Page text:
So there's good reason for us to be more forgiving of modern pilots having no more prescience than pilots from bygone eras; the problems of being able to tell almost nothing about a single point in space from a great distance is a problem of geometry and lack of sufficient information, it's not a problem of skill or experience.

Simultaneously, we need to crack down and become less forgiving of people like Congresspeople and other government officials who are insisting upon identifying these blobs as extraterrestrial visitors. Every time they convene a new committee of experts to analyze the phenomenon, the committee reports there is nothing to indicate alien spacecraft, and the Congresspeople impatiently dissolve the committee and seek to form its successor; and they will probably continue repeating this until they get the answer they want.

It's their own fault for appointing UFO storytellers as their experts — people like the recent crops of "whistleblowers" and Skinwalker Ranch ghost hunters and the countless minions of the Robert Bigelows and Chris Mellons who have been financing this expansive PR campaign, and going on podcasts to tell Joe Rogan that alien space monsters are killing people and that they heard from a friend of a friend that hangars everywhere are filled with crashed spacecraft debris. Those are the experts the Congress's UFO caucus relies upon; note that in the David Grusch hearing, who was sitting in the front row but UFO writer and podcaster George Knapp and UFO filmmaker Jeremy Corbell. Not Neil deGrasse Tyson or Seth Shostak. UFO storytellers, not actual subject matter experts.

The Congresspeople could easily go instead to those more appropriate subject matter experts — the people who can actually explain to them about space and the prospects of alien visitation. To whatever degree Congress might already have gone out to seek this perspective, they evidently found it disappointing and opted to exclude it from their future work in favor of more UFOlogists.

This is proven in black and white: Senator Chuck Schumer was widely reported to have sought assistance from UFOlogist Lue Elizondo and other UFO personalities in drafting the so-called "Schumer Amendment" that adds a bunch of UFO stuff to the National Defense Authorization Act. The final version includes a provision that the US President must appoint a 9-member "Unidentified Anomalous Phenomena Records Review Board" from recommendations provided, in part, by a private nonprofit called "The UAP Disclosure Foundation." Well guess what: very shortly thereafter, a 501(c)(4) was launched called "The UAP Disclosure Fund" with its board consisting of Lue Elizondo and high-profile alien visitation advocates including Chris Mellon, Garry Nolan, even UFO podcaster Matthew Ford. It's now actually written in law that the nuttiest UFOlogists, whose views are absolutely at odds against all the relevant science, have an official role in government.

The simple fact — and part of why I am perfectly satisfied that aliens are not going to visit us — is that astrophysicists and astrobiologists know quite a lot about the science of interstellar travel, and everything we've learned tells us it's not going to happen. Compounded with the fact that in the entire history of the entire Earth, we've never found a shred of evidence suggesting aliens have ever visited in the past, we can be pretty certain the reason is that (as the physics make plain) it's not reasonably possible.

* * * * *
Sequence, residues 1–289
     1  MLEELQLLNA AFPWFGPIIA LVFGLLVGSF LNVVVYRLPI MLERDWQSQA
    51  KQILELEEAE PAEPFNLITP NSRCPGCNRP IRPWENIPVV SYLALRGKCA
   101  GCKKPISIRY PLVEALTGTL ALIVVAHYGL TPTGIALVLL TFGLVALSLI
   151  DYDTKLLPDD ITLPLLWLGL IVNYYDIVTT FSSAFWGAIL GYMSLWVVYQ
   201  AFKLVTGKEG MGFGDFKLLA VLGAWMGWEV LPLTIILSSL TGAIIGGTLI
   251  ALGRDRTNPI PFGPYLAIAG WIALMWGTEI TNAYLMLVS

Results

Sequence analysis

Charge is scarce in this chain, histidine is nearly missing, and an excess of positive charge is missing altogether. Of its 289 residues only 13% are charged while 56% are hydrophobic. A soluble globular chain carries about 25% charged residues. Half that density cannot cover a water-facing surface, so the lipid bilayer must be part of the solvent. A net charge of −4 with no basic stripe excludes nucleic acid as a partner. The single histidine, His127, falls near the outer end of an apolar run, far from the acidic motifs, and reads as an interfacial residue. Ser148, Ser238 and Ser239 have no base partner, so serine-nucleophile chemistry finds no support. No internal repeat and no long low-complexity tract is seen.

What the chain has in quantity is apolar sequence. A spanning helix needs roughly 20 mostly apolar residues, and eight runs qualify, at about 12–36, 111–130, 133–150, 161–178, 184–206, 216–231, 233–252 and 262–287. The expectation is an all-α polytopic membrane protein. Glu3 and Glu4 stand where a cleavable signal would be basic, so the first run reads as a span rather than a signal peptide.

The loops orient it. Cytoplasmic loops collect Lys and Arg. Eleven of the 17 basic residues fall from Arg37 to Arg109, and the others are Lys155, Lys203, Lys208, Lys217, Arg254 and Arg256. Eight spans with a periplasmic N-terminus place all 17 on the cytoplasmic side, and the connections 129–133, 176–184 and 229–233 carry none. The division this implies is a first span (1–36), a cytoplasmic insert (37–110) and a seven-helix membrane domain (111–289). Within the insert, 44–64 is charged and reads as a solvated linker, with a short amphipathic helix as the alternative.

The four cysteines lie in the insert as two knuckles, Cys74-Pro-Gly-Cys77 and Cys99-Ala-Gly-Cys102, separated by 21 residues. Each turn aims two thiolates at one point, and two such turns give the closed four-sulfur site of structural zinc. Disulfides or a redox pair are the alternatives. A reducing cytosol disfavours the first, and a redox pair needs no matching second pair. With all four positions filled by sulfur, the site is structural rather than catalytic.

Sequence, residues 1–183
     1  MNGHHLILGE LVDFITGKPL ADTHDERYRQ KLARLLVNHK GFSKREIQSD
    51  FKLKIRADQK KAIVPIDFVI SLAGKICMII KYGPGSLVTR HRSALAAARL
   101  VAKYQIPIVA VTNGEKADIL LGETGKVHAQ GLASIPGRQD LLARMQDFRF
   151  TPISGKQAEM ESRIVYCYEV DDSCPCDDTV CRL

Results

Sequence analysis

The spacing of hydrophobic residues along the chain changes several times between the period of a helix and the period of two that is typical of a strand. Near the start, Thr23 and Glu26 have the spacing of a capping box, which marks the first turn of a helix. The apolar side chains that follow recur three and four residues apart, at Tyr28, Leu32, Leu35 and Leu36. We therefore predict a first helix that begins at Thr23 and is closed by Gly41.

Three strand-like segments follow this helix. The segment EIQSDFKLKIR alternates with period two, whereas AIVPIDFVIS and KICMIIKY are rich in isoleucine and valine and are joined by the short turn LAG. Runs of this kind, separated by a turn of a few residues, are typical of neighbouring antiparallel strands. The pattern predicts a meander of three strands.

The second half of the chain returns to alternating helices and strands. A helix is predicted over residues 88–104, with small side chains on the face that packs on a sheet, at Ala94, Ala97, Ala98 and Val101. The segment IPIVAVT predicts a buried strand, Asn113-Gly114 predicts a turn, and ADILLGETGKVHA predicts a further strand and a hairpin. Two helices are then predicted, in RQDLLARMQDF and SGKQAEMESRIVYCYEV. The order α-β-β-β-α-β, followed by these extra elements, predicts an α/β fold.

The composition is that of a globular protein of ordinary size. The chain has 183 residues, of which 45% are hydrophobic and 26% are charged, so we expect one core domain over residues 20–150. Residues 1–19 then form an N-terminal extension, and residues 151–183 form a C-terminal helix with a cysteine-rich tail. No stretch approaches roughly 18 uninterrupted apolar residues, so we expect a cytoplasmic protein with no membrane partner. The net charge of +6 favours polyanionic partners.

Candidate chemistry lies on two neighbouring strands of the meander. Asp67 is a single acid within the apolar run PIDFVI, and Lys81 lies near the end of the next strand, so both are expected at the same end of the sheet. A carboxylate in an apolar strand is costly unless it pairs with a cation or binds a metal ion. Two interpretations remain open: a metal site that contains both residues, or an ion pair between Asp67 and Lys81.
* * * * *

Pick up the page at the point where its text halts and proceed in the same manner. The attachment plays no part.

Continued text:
If you tell me you saw Elvis, I do not need to investigate that to find out if it's true. We have all the facts we need to know for a certainty that Elvis died in 1977, so your story must be wrong, no matter how much you believe it. If the UFO personalities say that aliens visit the Earth, I do not need to investigate that either. We already know their beliefs must be wrong.

This is why UFO experts, including the CSICOP experts mentioned earlier (and even including me), can maintain our confidence; and why no evidence to the contrary has ever been presented, to the point that in 1983, Klass published a satirical UFO curse that he would leave on the UFOlogists upon his death. It's longer than this, but this is the popular snippet most often reproduced:


To ufologists who publicly criticize me, ... or who even think unkind thoughts about me in private, I do hereby leave and bequeath: THE UFO CURSE:

No matter how long you live, you will never know any more about UFOs than you know today. You will never know any more about what UFOs really are, or where they come from. You will never know any more about what the U.S. Government really knows about UFOs than you know today. As you lie on your own death-bed you will be as mystified about UFOs as you are today. And you will remember this curse.

By Brian Dunning

Please contact us with any corrections or feedback.


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Cite this article:
Dunning, B. "The Aliens Are Not Coming." Skeptoid Podcast. Skeptoid Media, 2 Jul 2024. Web. 18 Jul 2024. <>


References & Further Reading

117th Congress. James M. Inhofe National Defense Authorization Act for Fiscal Year 2023. Washington, DC: Government Printing Office, 2022. 1196.

Avada. "What Is World UFO Day?" World UFO Day. Avada, 13 Nov. 2012. Web. 22 Jun. 2024. <>

Klass, P. UFOs Explained. New York: Random House, 1974.

Klass, P. Bringing UFOs Down to Earth. Amherst, NY: Prometheus Books, 1997.

Rensberger, B. "Paranormal Phenomena Facing Scientific Study." The New York Times. 1 May 1976, Newspaper: 19.

Stilwell, B. "The First Air Force Pilot to Die Chasing a UFO Was Actually Chasing a Secret Balloon." Military Advantage, 31 Oct. 2022. Web. 22 Jun. 2024. <>